Quite an interesting angle of research is offered by Nadirova (2019). She is pointing out the theme of looking for Afro-American identity that is very typical for the works of Morrison (Nadirova, 2019). Analyzing the main ideas of the novel Jazz by Morrison, Nadirova (2019) comes to a conclusion that the actions of the main characters of this novel are motivated by an attempt to overcome the trauma of the racist attitude and looking for self-identity.

Attributing the texts of Morrison to some particular tradition is one of the main problems in the study by Maslova (2011). She is analyzing the novel Tar Baby in terms of its relation to Magic realism (Maslova, 2011). The author points out that the Magic realism as a form of narration expands the descriptive possibilities and helps to form new plot patterns for many African American writers.

Quite recently there was published another research by Mogish (2020), that studies the novel Song of Solomon as an attempt to use a myth as a descriptive device. The author sounds very convincing, stating that the myth of a flying man is a mean of expression for an individual and collective craving for freedom. These are just a few works, published in Russia in the last years, that study the novels by Morrison in terms of literary analysis. In fact, there are some other works, but these are most characteristic for understanding the contemporary trends of research.

As we compare the research trends in Russia and abroad, we can see that the object of inquiry is quite different. For the researchers outside Russia among the most widely discussed themes is the trauma of slavery and the influence of it on the generations of people that live today. This includes the influence on the attitude to property and ownership (Goldberg, 2016). And the trauma of shame and guilt as well as the feeling of homelessness (Visser, 2016) that is obviously the consequence of slavery.

Another theme that attracts researchers in the novels by T. Morrison is changing the attitude to the category of gender and shifting gender roles (Harack, 2016; Hathaway, 2019). An extremely interesting research was published by a group of scientists from Indonesia. They saw a certain connection between the rise of national literature and social change (Azmi et al., 2018). A very profound research by Beavers is dedicated to the poetics of space and time in the novels by Morrison. It is very well stated in the research that the space dimensions can become an allegory of pain, fear or even arrested motion (Beavers, 2018).

Besides that, there are some highly individual researches that offer a new perspective that we were previously unaware of. The image of Pilate is compared to a witch in the research by Lopez Ramirez (2020). Phiri (2017) is offering a more profound analysis of black subjectivities. Yates-Richard (2016) is researching a very sensitive theme of maternal disavowal in black literature. Stave (2017) is dealing with the problem of masculine confirmation and coming out of age. So, the scope of research themes is very wide and still there are many more questions remaining that show quite vividly that research should carry on.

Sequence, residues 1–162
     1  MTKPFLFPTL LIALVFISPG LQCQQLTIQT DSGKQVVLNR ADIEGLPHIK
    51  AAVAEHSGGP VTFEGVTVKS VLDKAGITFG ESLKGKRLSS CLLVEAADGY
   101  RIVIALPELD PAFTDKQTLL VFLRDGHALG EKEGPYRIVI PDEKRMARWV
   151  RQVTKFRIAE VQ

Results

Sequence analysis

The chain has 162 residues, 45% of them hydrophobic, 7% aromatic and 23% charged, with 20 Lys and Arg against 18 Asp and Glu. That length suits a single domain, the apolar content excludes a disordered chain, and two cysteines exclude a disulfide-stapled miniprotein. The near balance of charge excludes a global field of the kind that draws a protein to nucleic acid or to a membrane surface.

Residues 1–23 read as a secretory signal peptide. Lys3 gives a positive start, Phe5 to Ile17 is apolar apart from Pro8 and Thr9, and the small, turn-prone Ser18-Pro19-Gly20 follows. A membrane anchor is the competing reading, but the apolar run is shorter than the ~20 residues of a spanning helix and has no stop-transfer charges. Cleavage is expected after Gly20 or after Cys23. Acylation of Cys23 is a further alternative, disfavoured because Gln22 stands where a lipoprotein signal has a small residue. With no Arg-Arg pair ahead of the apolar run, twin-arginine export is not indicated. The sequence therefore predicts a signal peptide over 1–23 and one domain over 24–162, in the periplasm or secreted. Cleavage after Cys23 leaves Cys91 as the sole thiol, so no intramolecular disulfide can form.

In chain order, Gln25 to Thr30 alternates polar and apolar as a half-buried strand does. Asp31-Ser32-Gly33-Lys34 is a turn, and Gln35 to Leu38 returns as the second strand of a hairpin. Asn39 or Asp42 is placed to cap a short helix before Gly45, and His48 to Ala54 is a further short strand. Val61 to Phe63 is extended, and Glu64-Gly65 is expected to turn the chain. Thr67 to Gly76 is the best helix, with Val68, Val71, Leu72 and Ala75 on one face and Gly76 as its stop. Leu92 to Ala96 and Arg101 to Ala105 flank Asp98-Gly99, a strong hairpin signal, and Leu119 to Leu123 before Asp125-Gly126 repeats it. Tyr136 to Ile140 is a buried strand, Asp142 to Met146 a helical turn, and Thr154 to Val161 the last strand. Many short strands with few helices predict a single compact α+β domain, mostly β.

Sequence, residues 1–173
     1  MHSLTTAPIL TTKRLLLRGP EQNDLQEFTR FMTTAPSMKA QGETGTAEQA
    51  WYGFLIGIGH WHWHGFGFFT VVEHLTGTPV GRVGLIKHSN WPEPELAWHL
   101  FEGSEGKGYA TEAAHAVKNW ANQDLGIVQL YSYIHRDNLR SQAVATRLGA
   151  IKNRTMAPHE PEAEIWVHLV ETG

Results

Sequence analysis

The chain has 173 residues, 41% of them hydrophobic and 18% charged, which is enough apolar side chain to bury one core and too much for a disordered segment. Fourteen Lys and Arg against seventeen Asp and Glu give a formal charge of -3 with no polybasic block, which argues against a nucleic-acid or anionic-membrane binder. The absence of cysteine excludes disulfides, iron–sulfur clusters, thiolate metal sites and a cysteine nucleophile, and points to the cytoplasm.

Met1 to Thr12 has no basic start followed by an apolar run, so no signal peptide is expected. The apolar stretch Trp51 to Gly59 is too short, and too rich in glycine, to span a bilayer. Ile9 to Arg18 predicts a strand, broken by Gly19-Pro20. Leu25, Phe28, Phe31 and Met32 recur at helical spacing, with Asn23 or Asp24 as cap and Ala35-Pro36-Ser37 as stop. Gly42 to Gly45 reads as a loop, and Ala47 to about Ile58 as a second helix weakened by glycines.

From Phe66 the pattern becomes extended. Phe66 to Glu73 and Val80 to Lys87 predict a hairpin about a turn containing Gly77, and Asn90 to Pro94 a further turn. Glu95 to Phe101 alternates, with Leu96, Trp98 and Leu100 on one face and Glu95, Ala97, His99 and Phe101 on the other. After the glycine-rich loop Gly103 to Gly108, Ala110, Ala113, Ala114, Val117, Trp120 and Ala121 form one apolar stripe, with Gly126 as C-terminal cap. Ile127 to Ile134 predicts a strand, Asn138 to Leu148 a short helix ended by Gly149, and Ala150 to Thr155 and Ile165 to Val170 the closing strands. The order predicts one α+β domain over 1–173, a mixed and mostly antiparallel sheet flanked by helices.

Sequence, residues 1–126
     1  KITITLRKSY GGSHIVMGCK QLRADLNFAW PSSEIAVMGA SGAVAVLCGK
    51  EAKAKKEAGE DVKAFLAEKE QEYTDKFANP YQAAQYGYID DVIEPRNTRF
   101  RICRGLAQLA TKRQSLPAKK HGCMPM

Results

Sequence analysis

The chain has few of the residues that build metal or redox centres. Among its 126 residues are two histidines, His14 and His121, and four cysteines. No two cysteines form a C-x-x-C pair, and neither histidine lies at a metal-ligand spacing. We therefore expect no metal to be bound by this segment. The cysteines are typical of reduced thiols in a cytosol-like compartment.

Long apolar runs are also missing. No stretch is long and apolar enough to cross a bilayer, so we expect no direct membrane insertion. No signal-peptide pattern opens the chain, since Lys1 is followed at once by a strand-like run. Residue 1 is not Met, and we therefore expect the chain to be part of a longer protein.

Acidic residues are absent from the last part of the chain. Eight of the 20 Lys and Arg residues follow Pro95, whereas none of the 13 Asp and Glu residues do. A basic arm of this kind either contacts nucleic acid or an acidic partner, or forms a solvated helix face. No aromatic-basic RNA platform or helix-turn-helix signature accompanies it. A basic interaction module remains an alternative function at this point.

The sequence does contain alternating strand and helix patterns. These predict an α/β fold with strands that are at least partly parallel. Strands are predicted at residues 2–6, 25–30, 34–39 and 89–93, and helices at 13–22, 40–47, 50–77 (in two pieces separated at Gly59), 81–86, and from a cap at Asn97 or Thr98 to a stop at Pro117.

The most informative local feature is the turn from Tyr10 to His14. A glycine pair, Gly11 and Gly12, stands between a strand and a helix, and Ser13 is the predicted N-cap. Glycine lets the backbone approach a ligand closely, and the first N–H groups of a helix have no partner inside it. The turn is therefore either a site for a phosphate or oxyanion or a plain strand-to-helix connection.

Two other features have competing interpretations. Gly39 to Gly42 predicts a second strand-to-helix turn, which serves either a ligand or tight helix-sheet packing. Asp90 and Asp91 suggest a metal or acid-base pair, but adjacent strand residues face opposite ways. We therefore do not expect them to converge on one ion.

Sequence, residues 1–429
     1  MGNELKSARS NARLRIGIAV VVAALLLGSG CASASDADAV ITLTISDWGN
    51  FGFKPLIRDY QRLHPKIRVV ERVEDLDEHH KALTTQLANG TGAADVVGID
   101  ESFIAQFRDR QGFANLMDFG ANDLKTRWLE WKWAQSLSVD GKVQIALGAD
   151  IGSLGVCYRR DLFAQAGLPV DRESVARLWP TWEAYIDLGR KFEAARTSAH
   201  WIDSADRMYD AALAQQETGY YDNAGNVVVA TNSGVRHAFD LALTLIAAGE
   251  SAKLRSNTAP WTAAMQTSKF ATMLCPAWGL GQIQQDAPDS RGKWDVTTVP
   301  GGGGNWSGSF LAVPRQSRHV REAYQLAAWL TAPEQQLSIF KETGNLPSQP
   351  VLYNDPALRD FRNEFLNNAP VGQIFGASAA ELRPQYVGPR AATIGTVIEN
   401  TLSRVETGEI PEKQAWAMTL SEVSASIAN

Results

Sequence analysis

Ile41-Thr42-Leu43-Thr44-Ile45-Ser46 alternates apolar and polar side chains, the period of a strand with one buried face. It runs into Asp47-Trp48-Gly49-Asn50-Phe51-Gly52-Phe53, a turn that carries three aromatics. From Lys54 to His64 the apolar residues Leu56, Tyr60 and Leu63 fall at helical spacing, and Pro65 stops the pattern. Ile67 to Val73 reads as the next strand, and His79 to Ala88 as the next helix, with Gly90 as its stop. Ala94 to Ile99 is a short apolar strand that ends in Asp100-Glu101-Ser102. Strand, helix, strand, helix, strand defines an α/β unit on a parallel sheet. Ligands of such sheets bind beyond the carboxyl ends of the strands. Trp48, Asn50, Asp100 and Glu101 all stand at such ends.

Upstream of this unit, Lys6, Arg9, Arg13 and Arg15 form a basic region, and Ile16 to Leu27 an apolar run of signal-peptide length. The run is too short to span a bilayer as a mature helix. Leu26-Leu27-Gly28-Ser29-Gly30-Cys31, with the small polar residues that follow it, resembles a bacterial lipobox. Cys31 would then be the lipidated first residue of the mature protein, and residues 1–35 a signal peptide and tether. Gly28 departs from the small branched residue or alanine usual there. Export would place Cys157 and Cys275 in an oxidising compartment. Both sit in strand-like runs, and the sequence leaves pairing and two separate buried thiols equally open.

In the novel Song of Solomon, the time and space are very expressive. The first few abstracts of the novel represent a world where the true names of locations are altered by the conscience of the characters. Quite ironically, the plot starts in the street that is called Not Doctors Street, near a No Mercy Hospital. Macon Dead Sr has his office in a building that previously was a shop, so it still has that Sonny’s Shop advertisement just above the entrance. But he never tries to change it: “Scraping the previous owner’s name off was hardly worth the trouble since he couldn’t scrape it from anybody’s mind” (Morrison, 1987, p. 17).

It is important that everyone knows that Not Doctors Street has another name, but no one can remember it. Just as well as everyone knows that Sonny’s Shop is not there anymore, but no one remembers who was Sonny anyway. And Everyone knows that the true name of the charity hospital is Mercy, but No Mercy describes it better, since black patients are not allowed there. The characters live in some kind of a parallel reality that looks fairly surreal.

Another important observation is that many of them have last names that conceal or fake the past of their family. For instance, Macon Dead knows that his last name is just a mistake, made during the census back in 1869. He could have changed it long ago, but he doesn’t care. Another character, Guitar Bains, knows that his last name is the name of the slave owners who used to own his grandparents. But he still keeps it, to maintain the hatred towards white people: “I don’t give a damn about names. <…> Besides, I do accept it. It’s part of who I am. Guitar is my name. Bains is the slave master’s name” (Morrison, 1987, p. 160).

It’s quite clear that all characters try in their own way to silence the trauma of slavery. Some by sinking into apathy, some by giving in to their hatred, but neither succeed. In fact, many of them end up with some sort of massive indifference towards each other and even themselves. It becomes quite clear from the way Macon Dead Sr gives names to his daughters. In fact, it’s not a human name, as such, that is chosen with love and care, but a random word from the Bible, that by all measures is a holy book, but it wasn’t initially designed for giving names to babies. The names of his daughters are First Corinthians and Magdalene. Just as the name of their aunt Pilate, and another character called Empire State, they sound rather unusual, even grotesque.